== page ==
Meghan McCain, daughter of Sen. John McCain and a writer for The Daily Beast, has threatened to quit Twitter after a sexy self-portrait she posted on the popular micro-blogging site stirred controversy.
The picture on her Twitter page
, accompanied the words "my spontaneous night," prompted an immediate backlash from some of her 60,000-plus followers on the site, prompting the controversial but prolific McCain to post a series of comments defending herself and, ultimately, threatening to shut down her feed.
In one Tweet, she said, "so I took a fun picture not thinking anything about what I was wearing but apparently anything other than a pantsuit I am a slut, this is"
A few minutes later, she added, "why I have been considering deleting my twitter account, what once was fun now just seems like a vessel for harassment." About an hour later: "ok I am getting the #%$^ off twitter, promise not to delete my account until I sleep on it, thank you for the nice words supporters."
As of this writing, it is unclear if she will leave Twitter for good.
McCain has long been a controversial figure, angering some conservatives for her insipid commentary (see "The GOP Party Doesn't Understand Sex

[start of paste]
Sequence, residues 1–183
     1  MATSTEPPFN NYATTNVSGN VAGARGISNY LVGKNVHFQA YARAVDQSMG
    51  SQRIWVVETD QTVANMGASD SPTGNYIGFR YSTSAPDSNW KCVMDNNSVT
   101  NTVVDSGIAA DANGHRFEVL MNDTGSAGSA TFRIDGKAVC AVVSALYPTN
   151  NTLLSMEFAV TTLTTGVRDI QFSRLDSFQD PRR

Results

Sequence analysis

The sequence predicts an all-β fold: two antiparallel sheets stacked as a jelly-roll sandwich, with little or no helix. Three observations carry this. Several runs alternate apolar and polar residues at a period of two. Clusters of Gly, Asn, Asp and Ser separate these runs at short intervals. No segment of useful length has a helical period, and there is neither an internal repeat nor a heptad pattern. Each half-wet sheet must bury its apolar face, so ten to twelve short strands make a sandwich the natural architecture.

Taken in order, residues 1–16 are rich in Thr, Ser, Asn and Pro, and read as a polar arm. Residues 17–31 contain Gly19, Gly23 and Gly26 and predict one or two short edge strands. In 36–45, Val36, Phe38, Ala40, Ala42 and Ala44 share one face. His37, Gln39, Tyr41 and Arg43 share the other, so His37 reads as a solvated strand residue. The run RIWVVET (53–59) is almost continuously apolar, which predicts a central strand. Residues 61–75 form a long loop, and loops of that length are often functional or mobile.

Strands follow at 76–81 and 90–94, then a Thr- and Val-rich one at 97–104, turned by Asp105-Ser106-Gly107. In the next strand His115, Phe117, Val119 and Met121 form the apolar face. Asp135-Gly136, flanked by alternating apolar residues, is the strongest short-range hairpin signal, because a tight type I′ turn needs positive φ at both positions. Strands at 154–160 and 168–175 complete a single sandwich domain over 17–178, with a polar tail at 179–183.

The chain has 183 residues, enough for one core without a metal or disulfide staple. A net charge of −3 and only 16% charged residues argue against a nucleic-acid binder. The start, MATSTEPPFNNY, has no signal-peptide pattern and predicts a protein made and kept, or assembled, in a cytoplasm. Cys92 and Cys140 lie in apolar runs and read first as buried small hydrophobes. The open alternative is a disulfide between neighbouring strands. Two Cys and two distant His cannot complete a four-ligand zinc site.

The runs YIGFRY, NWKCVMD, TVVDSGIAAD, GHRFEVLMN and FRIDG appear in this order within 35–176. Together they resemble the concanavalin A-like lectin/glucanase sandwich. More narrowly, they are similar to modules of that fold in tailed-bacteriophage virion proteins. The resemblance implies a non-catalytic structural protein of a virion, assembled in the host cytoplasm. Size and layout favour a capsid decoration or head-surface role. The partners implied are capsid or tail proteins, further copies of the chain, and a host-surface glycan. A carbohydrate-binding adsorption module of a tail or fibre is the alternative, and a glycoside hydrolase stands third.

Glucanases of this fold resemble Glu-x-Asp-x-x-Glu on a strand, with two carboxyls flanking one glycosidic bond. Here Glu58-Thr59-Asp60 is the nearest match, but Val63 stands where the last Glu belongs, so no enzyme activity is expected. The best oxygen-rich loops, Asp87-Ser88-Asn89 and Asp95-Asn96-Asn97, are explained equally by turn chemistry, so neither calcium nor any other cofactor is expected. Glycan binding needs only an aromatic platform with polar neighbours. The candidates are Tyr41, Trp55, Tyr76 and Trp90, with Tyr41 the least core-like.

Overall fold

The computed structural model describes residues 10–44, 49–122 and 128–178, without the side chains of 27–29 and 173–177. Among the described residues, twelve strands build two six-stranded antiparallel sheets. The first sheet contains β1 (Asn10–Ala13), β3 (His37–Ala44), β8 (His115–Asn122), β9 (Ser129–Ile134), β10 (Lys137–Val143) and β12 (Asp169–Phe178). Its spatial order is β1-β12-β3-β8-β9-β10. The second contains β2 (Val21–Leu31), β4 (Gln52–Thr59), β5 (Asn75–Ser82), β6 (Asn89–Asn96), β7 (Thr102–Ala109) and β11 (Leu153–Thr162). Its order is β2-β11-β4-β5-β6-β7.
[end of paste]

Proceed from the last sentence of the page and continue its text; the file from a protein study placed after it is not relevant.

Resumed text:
") as well as her attempts to moderate the GOP position on social issues.
ABC News' Jake Tapper came to McCain's defense, Tweeting, "Whiskey Tango Foxtrot people? Leave @McCainBlogette
alone. if she's not your cup of tea, move on. Yeesh. So foxtrot lame."
My contention is that quitting Twitter would be a mistake for McCain. Not only is it a huge outlet for any aspiring writer, her departure would essentially be an admission that she can't handle the heat. It would also reinforce the perception that the only reason she has this forum is because of her last name.
Writers who develop organically have time to grow a thick skin. With each job advancement comes more attention and more criticism. But just as Sarah Palin was dropped into the middle of a presidential campaign with little time to prepare for such a high-profile role, McCain was thrust into the spotlight without having developed a solid political philosophy -- or the callused ego one gets from enduring the slings and arrows fired by the public each day.
I was one of the conservatives who thought it was a big mistake for Sarah Palin to resign her position as governor of Alaska. One reason was my conviction that life is tough, and if you want to be respected, you've got to handle it. As such, I argued Palin's decision was fine -- so long as she wanted to remain a private citizen. But I thought it was a disqualifier if she wanted to run for president eventually. As they say, if you can't take the heat, get out of the kitchen.
Meghan McCain can be a private citizen, and that's a fine choice. But if she wants to be a commentator, she must realize that it's a rough-and-tumble world; get a helmet.
Ironically, Kathleen Parker recently authored a column titled "Republican Women, Hear Them Roar
," which listed McCain as an up-and-comer in the GOP who could help the party with young voters.
But McCain has a decision to make. She can follow the "hear them roar" road, or she can allow the critics to determine which path she takes.